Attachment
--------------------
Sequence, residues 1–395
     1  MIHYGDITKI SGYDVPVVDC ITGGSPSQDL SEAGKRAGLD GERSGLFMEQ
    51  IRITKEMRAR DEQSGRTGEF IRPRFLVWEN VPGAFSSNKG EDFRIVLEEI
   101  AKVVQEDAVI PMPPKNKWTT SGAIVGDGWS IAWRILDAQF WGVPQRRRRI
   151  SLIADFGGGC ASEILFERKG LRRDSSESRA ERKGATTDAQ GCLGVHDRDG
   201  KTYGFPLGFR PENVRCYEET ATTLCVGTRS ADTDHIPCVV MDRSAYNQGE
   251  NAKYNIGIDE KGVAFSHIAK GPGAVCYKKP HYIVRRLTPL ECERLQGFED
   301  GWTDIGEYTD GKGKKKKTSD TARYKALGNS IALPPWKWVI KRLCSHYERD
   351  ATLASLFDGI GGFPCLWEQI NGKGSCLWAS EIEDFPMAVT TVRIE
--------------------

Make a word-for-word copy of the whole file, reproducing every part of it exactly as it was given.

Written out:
Sequence, residues 1–395
     1  MIHYGDITKI SGYDVPVVDC ITGGSPSQDL SEAGKRAGLD GERSGLFMEQ
    51  IRITKEMRAR DEQSGRTGEF IRPRFLVWEN VPGAFSSNKG EDFRIVLEEI
   101  AKVVQEDAVI PMPPKNKWTT SGAIVGDGWS IAWRILDAQF WGVPQRRRRI
   151  SLIADFGGGC ASEILFERKG LRRDSSESRA ERKGATTDAQ GCLGVHDRDG
   201  KTYGFPLGFR PENVRCYEET ATTLCVGTRS ADTDHIPCVV MDRSAYNQGE
   251  NAKYNIGIDE KGVAFSHIAK GPGAVCYKKP HYIVRRLTPL ECERLQGFED
   301  GWTDIGEYTD GKGKKKKTSD TARYKALGNS IALPPWKWVI KRLCSHYERD
   351  ATLASLFDGI GGFPCLWEQI NGKGSCLWAS EIEDFPMAVT TVRIE